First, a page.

U.S. Government Should Take a Lesson from Dubai: Leave Venture Capital to Capitalists
By Mary Theroux • Tuesday December 15, 2009 3:53 PM PDT •
The U.S. government is becoming Daddy Warbucks to an increasing number of firms. According to the Wall Street Journal:
… the government has become the nation’s biggest mortgage lender, guaranteed nearly $3 trillion in money-market mutual-fund assets, commandeered and restructured two car companies, taken equity stakes in nearly 600 banks, lent more than $300 billion to blue-chip companies, supported the life-insurance industry and become a credit source for buyers of cars, tractors and even weapons for hunting.
In his recent Beacon post , “Boeing and the Higgs Effect,” Peter Klein outlined the ratchet effect of corporations getting well gummed up in government largesse. And even that “all-American” company, GE, has shifted its strategy to tie its fortune to seeking up to $192 billion from stimulus projects over the next 4 years.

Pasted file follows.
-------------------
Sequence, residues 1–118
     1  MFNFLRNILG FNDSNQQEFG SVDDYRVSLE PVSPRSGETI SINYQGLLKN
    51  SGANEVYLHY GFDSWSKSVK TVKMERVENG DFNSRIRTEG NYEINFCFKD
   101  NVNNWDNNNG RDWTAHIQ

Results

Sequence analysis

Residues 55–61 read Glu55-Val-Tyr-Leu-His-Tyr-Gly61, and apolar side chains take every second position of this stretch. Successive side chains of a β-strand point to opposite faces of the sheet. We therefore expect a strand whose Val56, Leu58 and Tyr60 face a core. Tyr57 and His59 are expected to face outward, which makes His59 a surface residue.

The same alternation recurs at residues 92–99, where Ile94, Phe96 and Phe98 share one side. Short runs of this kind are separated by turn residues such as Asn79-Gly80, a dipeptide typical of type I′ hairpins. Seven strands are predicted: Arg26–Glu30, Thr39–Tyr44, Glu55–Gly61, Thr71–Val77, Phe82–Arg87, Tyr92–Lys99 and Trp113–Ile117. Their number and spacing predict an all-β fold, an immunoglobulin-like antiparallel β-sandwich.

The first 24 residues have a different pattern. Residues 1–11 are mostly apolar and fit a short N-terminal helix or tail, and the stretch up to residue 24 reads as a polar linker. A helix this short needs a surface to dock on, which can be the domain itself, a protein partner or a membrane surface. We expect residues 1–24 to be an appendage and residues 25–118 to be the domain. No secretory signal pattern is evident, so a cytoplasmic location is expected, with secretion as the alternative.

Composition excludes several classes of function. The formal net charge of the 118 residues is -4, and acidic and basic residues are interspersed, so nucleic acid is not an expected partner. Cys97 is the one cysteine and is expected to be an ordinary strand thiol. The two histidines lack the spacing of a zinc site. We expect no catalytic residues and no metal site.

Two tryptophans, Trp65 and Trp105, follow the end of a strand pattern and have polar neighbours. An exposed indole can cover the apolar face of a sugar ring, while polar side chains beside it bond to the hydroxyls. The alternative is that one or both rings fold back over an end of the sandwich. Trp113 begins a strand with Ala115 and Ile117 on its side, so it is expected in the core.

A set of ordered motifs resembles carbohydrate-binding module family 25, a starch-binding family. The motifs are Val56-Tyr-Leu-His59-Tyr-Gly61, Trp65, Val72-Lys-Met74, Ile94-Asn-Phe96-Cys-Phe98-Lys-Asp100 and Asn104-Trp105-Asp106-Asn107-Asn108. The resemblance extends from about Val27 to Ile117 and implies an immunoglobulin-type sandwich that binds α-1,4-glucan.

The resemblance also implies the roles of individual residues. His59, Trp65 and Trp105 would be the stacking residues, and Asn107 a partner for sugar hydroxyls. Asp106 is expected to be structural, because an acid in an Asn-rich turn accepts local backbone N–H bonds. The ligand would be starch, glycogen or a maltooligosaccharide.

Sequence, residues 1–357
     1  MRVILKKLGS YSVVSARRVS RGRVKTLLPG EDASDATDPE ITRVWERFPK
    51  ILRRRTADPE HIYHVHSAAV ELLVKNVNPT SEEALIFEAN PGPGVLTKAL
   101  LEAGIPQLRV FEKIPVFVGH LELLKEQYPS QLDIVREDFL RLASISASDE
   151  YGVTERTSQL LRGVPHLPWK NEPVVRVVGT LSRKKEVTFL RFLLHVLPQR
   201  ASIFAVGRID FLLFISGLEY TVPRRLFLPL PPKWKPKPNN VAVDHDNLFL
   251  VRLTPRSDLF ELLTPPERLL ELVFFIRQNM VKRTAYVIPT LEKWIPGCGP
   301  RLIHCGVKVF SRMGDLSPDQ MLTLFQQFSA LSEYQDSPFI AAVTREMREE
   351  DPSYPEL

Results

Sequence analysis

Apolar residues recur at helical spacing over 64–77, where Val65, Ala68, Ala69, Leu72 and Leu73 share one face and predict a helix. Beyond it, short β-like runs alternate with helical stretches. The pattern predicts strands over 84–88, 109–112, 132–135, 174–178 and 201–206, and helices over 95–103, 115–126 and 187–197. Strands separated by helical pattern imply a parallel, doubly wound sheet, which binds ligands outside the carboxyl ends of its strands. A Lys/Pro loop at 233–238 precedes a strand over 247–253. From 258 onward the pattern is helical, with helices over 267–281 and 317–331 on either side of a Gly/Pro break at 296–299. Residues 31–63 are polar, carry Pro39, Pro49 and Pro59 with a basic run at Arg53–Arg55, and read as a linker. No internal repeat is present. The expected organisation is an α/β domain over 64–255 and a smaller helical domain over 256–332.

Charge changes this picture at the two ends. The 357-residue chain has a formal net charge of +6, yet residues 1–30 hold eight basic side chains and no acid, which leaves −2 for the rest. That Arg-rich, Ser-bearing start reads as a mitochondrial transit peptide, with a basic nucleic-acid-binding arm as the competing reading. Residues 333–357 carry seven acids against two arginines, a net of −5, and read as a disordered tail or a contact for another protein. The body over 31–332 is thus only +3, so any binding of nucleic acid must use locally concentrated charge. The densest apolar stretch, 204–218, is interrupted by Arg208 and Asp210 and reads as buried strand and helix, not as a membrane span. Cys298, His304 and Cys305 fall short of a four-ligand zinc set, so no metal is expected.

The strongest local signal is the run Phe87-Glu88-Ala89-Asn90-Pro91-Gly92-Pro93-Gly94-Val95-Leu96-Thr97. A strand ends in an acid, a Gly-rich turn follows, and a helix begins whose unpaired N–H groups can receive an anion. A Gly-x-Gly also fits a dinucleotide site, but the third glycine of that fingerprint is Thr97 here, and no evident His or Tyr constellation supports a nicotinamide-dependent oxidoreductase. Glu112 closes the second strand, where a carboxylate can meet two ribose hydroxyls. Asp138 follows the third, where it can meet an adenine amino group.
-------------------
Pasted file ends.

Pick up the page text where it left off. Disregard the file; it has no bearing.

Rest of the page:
In fact, in a current series, “USA Inc.,” the Wall Street Journal is chronicling a depressing picture of a corporate landscape almost totally given over to the kind of crony-capitalism one used to think reserved for banana republics and former iron curtain strongholds, crowding out private investment and making political savvy the new currency over actual business acumen.
Yet if there’s one lesson that can be drawn from the spectacular failure of Dubai World, it is that the State is not very good at picking good investments. The U.S. government ought to learn that lesson before it follows Dubai into bankruptcy (newly legitimized there, handily enough).
But then again, with the Obama administration’s first-year record deficit of $1.85 trillion piled on top of Bush’s before him, and pushing up against the current debt “ceiling” of $12.1 trillion (against an estimated total U.S. GDP of $14.4 trillion), can bankruptcy be far on the horizon in any event?
Tags: Bailouts, Budget and Tax Policy, Business, Corporatism, Economics, Energy, Fascism, Government subsidies, Housing, Insurance, Mercantilism, Money and Banking, Nationalization, Politics, Socialism, The State